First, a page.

U.S. Secretary of State Hillary Clinton's visit to Lebanon, on the heels of her trip Saturday to Baghdad, comes less than six weeks before parliamentary elections in early June.
The next parliament will be the second elected since Syria pulled its troops out of Lebanon in April 2005, following the assassination of former Prime Minister Rafiq al Hariri. Many Lebanese politicians accuse Syria of his killing, which Damascus steadfastly denies.
The current parliament has had rocky relations with Syria, following a series of political assassinations.
|US Secretary of State Hillary Rodham Clinton, left, shakes hands with Lebanese President Michel Suleiman, at the Lebanese Presidential Palace, in Baabda east of Beirut, Lebanon, 26 Apr 2009|
Clinton met with President Michel Suleiman, but pointedly avoided meeting other political figures to avoid giving the impression the United States is supporting them.
"We certainly hope that the election will be free of intimidation and outside interference and that the results of the election will continue a moderate, positive direction that will benefit all of the people of Lebanon," she said.
The Secretary of State also noted the Lebanese people have endured a great deal during 15 years of civil war and unrest.
"I want to assure any Lebanese citizen that the United States will never make any deal with Syria that sells out Lebanon and the Lebanese people," she said. "You have been through too much."
Clinton also warned rival political forces, as well as outside meddlers that Washington would no longer tolerate political assassinations, which have been frequent in recent years:
"There needs to be an absolute end to an era of impunity for political assassinations in Lebanon," she said. "It can not and must not be used as a bargaining chip."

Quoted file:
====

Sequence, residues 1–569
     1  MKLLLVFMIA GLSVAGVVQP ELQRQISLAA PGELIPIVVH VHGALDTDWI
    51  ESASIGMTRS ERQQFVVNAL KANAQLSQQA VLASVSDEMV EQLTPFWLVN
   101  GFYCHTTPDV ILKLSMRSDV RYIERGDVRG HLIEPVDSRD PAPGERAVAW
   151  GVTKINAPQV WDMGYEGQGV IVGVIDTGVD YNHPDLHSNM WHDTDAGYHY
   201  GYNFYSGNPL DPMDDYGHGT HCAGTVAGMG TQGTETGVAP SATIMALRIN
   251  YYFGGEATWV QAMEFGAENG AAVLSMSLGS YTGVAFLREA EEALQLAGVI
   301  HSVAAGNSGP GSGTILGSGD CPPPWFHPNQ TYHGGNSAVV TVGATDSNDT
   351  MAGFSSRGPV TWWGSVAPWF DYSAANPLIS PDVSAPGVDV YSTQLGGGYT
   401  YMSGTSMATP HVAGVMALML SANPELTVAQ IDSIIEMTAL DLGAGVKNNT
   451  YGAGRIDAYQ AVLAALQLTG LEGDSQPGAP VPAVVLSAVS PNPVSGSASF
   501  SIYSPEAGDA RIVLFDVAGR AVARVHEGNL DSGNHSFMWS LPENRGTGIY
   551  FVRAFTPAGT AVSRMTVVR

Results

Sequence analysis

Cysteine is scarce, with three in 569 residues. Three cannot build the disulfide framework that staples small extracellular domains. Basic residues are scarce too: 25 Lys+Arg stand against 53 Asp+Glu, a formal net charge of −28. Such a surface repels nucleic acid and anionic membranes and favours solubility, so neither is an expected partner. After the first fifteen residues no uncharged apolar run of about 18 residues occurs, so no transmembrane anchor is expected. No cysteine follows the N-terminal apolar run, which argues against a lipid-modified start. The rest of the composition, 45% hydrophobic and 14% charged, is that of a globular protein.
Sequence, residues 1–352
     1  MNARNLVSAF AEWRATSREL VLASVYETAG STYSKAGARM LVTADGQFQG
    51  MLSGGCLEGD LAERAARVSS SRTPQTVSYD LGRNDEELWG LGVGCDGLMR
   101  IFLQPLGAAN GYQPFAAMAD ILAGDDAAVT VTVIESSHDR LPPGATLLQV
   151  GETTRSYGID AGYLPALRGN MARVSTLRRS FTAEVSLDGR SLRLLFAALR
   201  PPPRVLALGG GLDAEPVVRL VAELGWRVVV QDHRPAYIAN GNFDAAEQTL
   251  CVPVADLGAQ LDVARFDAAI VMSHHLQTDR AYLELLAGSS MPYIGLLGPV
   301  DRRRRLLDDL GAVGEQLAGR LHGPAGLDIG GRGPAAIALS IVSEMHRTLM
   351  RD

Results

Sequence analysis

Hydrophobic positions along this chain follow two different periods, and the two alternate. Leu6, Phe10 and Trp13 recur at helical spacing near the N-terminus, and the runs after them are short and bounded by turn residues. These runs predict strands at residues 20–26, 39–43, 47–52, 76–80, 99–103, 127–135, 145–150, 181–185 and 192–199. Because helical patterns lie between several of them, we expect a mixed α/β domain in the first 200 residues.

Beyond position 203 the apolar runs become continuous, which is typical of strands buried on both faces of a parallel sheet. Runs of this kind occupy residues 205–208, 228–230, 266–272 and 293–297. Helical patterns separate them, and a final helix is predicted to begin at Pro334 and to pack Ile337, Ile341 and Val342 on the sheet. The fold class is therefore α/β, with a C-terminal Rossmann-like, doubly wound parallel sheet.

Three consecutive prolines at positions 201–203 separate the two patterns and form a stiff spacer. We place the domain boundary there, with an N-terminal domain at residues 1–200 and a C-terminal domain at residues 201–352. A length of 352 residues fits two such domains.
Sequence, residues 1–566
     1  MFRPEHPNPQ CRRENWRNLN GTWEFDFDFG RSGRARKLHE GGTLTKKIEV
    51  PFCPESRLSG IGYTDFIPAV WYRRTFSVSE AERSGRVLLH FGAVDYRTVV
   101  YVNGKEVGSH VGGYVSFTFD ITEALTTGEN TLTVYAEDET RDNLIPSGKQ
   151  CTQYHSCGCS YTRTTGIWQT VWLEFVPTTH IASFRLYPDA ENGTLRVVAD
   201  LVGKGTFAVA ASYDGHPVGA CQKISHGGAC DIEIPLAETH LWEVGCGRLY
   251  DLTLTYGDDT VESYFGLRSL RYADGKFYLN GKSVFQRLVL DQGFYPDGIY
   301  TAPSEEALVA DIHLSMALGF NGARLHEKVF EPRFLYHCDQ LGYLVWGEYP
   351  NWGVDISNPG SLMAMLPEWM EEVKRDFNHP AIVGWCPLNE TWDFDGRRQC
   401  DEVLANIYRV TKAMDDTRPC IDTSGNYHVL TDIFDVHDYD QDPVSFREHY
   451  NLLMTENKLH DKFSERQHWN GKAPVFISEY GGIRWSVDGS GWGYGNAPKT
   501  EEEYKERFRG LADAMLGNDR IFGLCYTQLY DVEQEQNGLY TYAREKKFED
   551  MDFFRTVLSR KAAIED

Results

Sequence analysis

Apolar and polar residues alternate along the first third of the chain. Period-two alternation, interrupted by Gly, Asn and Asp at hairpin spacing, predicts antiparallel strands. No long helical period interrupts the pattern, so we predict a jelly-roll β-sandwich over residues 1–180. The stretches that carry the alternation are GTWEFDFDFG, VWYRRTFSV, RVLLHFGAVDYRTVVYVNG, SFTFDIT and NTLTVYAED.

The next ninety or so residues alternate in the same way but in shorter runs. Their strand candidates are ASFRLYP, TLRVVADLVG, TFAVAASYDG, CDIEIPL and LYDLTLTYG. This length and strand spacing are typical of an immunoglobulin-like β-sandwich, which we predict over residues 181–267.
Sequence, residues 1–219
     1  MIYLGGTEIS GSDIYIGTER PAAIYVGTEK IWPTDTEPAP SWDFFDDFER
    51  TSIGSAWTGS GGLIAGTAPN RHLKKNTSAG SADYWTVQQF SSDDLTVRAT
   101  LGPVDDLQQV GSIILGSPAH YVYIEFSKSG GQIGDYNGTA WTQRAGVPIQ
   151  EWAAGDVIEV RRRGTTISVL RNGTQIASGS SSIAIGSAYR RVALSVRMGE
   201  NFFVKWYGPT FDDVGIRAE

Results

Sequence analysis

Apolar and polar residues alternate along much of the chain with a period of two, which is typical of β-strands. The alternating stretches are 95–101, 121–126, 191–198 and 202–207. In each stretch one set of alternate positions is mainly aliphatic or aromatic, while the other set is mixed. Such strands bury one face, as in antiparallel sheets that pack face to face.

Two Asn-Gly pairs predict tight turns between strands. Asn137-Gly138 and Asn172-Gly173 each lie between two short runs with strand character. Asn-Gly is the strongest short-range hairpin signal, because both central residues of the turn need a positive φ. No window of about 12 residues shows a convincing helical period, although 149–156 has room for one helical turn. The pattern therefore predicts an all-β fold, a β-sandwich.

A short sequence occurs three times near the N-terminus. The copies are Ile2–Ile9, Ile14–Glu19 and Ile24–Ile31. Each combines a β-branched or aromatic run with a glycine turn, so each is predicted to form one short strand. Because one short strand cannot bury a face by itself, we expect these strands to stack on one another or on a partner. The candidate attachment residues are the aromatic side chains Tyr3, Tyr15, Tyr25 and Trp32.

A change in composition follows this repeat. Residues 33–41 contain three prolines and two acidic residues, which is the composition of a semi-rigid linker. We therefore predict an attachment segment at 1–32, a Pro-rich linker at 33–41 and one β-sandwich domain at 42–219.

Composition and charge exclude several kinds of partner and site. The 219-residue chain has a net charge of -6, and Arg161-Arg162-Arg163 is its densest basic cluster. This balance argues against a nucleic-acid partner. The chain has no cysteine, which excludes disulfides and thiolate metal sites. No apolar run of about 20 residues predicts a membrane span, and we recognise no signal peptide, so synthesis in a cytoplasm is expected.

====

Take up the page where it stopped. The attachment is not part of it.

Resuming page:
An international tribunal meeting in the Hague is investigating the slaying of former Prime Minister Rafiq al Hariri, as well as the deaths of a dozen other politicians and journalists, most of whom were opponents of Syria.
Lebanese American University Political Science Professor Sami Baroudi says he thinks Washington wants to make sure the parliamentary elections take place on time, and without outside meddling:
"It was kind of an unplanned visit, but it is an important indicator that the Obama Administration has not lost interest in Lebanon, entirely," said Baroudi. "I think the position of the current administration is kind of clear to all parties, that the U.S. wants the elections, the U.S. is somewhat concerned about whether Hezbollah is going to have a stronghold over the government, but I think the primary message is that the U.S. wants the political process to work and elections to take place."
The Hezbollah party, which is supported by both Iran and Syria, enjoys veto-power in the current national unity government and a Hezbollah win in parliamentary elections would reinforce Syria's hand inside Lebanon.